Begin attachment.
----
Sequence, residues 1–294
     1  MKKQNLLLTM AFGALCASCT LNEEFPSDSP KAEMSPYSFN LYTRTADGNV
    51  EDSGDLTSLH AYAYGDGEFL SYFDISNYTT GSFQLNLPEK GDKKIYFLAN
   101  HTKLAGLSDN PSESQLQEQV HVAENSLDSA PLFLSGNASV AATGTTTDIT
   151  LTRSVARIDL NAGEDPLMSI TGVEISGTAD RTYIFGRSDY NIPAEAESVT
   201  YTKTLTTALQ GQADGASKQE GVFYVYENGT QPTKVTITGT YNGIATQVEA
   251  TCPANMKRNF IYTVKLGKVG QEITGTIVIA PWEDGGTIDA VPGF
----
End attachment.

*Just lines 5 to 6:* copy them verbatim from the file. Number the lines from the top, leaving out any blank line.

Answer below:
   151  LTRSVARIDL NAGEDPLMSI TGVEISGTAD RTYIFGRSDY NIPAEAESVT
   201  YTKTLTTALQ GQADGASKQE GVFYVYENGT QPTKVTITGT YNGIATQVEA